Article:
Don't Play The Blame Game
Updated: Sep 19, 2022
Instead, Take Responsibility and Give Reciprocity
If you were asked to list 10 things wrong with the world, how long would it take you? Probably not too long. What if you were asked to list 10 things wrong with yourself? I don't know about you, but it definitely takes me longer to reflect on my own problems. And that itself is a big problem.
So much of our suffering and ineffectiveness comes from always blaming the outside world and people rather than reflecting on ourselves. When things don't go well, our first instinct is to find a target to blame, and that target is never myself. If we want a happy and productive life, we need to change that bad habit.
The Analects of Confucius said,
"The way of Confucius is simply responsibility and reciprocity."
(Original text: 夫子之道，忠恕而已矣。Translation note: The terms has 忠 and 恕 have different meanings in different contexts. I explain these terms further below).
So rather than playing the blame game (blaming the outside), we can focus on taking responsibility and giving reciprocity. That means being strict with ourselves and accepting towards others. We should not be demanding towards others and expect them to be accepting towards us, especially during conflict (unless you are looking for more suffering and seeking to make things worse).
The great Chinese philosopher Mencius said,
"When your efforts do not reap your expected results, reflect on yourself."
(Original Text: 行有不得者，皆反求諸己 。)
Being responsible means I focus on
what I did wrong, not what they did wrong
what I could have done better, not what they should have done better
what I can control, not outside circumstances or people
how I can prevent this problem and improve next time
When problems arise, it is never 100% the other person's fault or the world's fault. We always have a fraction of the blame. In fact, the more humble we are, the greater the amount of blame we are willing to shoulder.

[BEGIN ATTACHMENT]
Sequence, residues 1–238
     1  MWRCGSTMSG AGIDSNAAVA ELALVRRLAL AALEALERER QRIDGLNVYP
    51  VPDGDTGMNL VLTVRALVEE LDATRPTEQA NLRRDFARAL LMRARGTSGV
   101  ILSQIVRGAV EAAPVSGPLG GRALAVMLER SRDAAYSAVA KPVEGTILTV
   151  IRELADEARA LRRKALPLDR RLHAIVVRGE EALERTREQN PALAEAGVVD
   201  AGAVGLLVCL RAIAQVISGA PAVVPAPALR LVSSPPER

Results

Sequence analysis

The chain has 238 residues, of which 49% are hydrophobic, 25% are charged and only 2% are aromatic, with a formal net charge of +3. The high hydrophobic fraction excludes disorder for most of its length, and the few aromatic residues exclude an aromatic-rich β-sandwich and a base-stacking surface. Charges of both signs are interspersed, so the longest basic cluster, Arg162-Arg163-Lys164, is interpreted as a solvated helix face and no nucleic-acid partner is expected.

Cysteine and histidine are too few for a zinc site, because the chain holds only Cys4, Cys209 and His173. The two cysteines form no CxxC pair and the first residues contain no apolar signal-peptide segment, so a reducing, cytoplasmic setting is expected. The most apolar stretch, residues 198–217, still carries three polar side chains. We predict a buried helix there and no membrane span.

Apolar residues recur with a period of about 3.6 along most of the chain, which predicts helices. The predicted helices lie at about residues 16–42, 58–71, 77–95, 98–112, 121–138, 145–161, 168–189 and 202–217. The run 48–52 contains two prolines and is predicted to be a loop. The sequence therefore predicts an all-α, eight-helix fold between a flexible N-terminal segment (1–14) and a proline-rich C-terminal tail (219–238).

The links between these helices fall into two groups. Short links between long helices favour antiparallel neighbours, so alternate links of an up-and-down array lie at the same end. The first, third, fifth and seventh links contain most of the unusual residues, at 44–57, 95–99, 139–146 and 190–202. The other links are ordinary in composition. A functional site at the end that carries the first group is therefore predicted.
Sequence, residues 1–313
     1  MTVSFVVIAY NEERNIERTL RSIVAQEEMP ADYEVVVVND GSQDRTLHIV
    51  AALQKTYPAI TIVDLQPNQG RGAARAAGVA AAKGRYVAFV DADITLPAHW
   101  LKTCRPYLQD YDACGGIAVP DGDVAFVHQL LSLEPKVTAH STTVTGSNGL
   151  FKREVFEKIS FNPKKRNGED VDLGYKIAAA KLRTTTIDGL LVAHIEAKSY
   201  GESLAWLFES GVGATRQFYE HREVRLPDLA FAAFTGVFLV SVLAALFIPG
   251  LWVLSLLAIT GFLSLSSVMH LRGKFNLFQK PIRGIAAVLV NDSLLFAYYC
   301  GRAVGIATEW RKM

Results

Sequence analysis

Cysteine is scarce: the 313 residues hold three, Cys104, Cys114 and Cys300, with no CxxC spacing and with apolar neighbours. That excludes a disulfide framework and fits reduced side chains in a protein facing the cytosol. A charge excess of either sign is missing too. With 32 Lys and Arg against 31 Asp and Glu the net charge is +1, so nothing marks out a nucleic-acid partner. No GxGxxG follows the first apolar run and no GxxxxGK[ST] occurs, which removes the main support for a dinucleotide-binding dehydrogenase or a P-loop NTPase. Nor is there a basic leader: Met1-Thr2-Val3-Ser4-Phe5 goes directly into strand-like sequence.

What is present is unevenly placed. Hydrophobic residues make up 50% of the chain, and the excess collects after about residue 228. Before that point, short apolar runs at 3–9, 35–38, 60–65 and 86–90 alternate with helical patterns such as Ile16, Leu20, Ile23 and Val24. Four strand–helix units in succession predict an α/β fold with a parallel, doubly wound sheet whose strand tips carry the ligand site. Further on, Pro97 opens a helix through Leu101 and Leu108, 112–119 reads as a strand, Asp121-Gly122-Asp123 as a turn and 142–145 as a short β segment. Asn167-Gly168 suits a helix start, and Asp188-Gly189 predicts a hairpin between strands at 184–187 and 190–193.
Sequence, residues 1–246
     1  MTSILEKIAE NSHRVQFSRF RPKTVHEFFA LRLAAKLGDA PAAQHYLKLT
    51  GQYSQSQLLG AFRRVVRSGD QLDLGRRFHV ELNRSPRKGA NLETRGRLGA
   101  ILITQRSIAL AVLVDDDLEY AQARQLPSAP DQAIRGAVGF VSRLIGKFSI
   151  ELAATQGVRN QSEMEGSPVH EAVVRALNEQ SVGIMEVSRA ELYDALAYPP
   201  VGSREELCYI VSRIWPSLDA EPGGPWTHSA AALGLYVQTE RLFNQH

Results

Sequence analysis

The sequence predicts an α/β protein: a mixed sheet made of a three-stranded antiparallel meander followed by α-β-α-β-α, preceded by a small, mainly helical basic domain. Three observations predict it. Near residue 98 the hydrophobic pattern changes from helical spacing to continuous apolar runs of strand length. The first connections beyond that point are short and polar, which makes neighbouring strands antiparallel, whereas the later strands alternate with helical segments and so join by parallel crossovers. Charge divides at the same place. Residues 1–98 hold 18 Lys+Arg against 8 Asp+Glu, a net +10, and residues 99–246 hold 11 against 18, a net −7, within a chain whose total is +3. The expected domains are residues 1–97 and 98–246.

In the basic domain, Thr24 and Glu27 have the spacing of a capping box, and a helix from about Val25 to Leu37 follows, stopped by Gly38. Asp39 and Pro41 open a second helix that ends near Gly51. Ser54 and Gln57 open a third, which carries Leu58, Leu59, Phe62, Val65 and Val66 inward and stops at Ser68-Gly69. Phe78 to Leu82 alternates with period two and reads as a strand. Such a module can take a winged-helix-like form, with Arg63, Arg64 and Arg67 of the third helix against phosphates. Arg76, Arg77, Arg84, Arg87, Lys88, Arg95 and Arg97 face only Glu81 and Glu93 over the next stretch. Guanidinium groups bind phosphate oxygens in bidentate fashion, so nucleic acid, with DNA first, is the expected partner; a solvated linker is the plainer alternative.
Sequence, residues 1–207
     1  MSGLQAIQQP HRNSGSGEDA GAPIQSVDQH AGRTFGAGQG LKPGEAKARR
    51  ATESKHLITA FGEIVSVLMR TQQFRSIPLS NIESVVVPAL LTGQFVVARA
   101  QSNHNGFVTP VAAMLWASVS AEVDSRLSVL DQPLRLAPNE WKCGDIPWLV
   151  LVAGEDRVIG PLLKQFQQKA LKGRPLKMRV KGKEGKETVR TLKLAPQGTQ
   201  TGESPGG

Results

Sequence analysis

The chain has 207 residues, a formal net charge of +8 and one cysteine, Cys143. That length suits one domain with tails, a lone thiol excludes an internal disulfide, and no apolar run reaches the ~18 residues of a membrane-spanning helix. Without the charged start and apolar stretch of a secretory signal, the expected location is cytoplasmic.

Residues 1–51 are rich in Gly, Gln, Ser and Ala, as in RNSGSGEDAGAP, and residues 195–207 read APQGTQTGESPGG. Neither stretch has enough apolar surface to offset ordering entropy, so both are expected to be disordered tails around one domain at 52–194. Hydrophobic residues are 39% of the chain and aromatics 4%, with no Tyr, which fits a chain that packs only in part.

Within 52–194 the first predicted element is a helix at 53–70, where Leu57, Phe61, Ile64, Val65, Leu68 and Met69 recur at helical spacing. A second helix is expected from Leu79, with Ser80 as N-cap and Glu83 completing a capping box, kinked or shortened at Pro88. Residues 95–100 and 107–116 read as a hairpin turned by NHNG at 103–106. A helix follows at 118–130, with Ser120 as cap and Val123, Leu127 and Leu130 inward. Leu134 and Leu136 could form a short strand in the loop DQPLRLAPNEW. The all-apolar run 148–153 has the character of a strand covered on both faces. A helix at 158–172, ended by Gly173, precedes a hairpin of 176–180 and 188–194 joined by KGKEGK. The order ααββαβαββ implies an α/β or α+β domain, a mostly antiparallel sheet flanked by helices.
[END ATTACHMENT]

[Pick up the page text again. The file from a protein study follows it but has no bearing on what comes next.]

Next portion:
Responsible people don't pretend that the other person is completely faultless, but rather they choose to let go of demanding others to change, and instead focus on changing themselves first. Once we see how hard it is to change ourselves, we become more kind towards others.
The great Stoic philosopher Epictetus said,
"If we would...blame only ourselves and remember that nothing but opinion is the cause of a troubled mind and uneasiness, then by God, I swear we would be making progress."
In other words, suffering or joy, effectiveness or ineffectiveness, it all lies in how we use our mind, in how we view the situation. Reflecting on ourselves and focusing on our responsibility, on changing ourselves, is how to make progress.
Related side note: There is something called the 21-Day No Complaint Challenge. As the name implies, it is a way to train your mind to not instinctively complain all the time. I tried it before, and while it is certainly frustrating at times, it is a great experience!
When the student Zi Gong asked Confucius if there was one word that a person should practice for all of one's life, Confucius said,
"Would that not be reciprocity? What you do not wish for yourself, do not do unto others."
(Original Text: 子貢問曰：有一言而可以終身行之者乎？子曰：其恕乎！己所不欲，勿施於人。)
The Stoic emperor Marcus Aurelius also talked about reciprocity when he said,
"Whenever you take offense at someone's wrongdoing, immediately turn to your own similar failings."